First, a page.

Operations & Management
Q & A
Women in Forestry
Advocating for change: Q&A with Kate Lindsay, VP sustainability at FPAC
By Kristina Urquhart
An FPAC employee stresses the need for women in forestry to have supportive mentors
By Kristina Urquhart
Kate Lindsay is the vice-president, sustainability and environmental partnerships at the Forest Products Association of Canada (FPAC).
Pulp & Paper Canada talked to Lindsay and several other women working in the pulp, paper and forestry sector for a weeklong series to celebrate International Women’s Day on March 8. In her Q&A below, Lindsay tells us how an early interest in the forest led to her career as a biologist-turned-forestry executive.
Who: Kate Lindsay
Role: Vice-president, sustainability and environmental partnerships
Employer: Forest Products Association of Canada (FPAC)
Lives in: Ottawa, Ont.
Years in industry: 14
Pulp & Paper Canada: What is your role as the vice-president, sustainability and environmental partnerships at FPAC?
Kate Lindsay: I primarily focus on forest management files, but also the sector as a whole around sustainability issues and pieces of legislation that interact with sustainable forest management, like the Species at Risk Act, the Fisheries Act, the Navigable Waters Protection Act and the Migratory Birds Convention Act.
I work directly with the government, so I’m on a couple of advisory committees and panels. I’ve been appointed by the minister to provide a forestry perspective on implementing those pieces of legislation. And then I also work directly with [FPAC] members to make sure that they’re aware of the legislation and how it applies to them. I also work on some of the more proactive files around conservation.
PPC: What’s the most exciting thing that you’re working on right now?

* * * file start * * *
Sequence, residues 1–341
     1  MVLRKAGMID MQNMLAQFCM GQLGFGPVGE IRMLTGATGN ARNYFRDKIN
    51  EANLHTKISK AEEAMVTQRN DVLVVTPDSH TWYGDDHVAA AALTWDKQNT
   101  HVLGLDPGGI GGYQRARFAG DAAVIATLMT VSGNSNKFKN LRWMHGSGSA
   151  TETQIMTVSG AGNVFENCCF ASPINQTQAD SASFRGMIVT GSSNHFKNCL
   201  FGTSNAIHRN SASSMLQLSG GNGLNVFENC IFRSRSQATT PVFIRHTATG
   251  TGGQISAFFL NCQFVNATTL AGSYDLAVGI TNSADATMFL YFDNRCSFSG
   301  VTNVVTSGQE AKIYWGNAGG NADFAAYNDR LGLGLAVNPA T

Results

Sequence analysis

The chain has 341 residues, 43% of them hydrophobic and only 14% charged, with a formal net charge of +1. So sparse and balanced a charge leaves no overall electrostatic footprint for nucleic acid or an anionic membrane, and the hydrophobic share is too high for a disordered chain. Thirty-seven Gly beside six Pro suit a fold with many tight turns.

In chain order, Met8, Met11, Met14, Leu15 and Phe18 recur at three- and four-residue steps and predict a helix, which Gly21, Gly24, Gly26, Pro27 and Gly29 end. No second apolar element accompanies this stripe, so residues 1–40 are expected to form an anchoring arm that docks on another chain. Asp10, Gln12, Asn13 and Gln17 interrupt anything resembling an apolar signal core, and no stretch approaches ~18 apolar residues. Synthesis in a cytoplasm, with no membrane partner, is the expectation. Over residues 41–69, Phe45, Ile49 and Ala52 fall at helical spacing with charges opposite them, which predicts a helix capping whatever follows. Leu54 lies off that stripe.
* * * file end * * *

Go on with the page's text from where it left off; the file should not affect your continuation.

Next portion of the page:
KL: I’m a biologist by training. I’ve been on the ground and I’ve worked in the forest on understanding the different values that need to be managed and the different regulations that apply. What I find exciting in my role at FPAC now is having those conversations with the government to try to help them understand the practical application of policy.
I like helping to advocate for the proactive stewardship that forest managers and biologists and ecologists employed in the industry do every day. It’s a really interesting time with climate change and the uncertainty of what’s coming in the future. So [I enjoy] helping forest managers have the right tools to make decisions and to build resiliency. And promoting things like safety in the communities – how to mitigate forest fires and test outbreaks.
PPC: Are there misconceptions about the forest products sector in Canada?
KL: Absolutely. That’s probably what I spend most of my time doing, helping to build that awareness – within the government, within the general public, within the conservation community – around what the stewardship culture is within the forest sector, and how we can help demonstrate that moving forward. We’ve done a really good job in the past with forest certification. But we’re always going to have to continue to find ways to build that awareness and share that information in a credible way.
PPC: What are some ways you’ve been sharing that information?
KL: Last year, we hosted a climate change workshop and invited members of government and the conservation community to learn about what different forest products companies are doing around climate change. I think that is one of our best stories to tell – the use of forest products in a way that mitigates climate change and the opportunity to build that adaptation into forest management.
One of the best ways to build awareness is to get people out into the woods. There still seems to be an interest in having a tour – bringing people out, flying them over forest management areas. One of our biggest files right now is on the boreal and southern mountain caribou. So actually bringing folks out into the field and saying, “This is how we make decisions. This is how we are planning for this species and managing all these values at once.”
PPC: You started on the science side. What drew you to a career in the forest sector?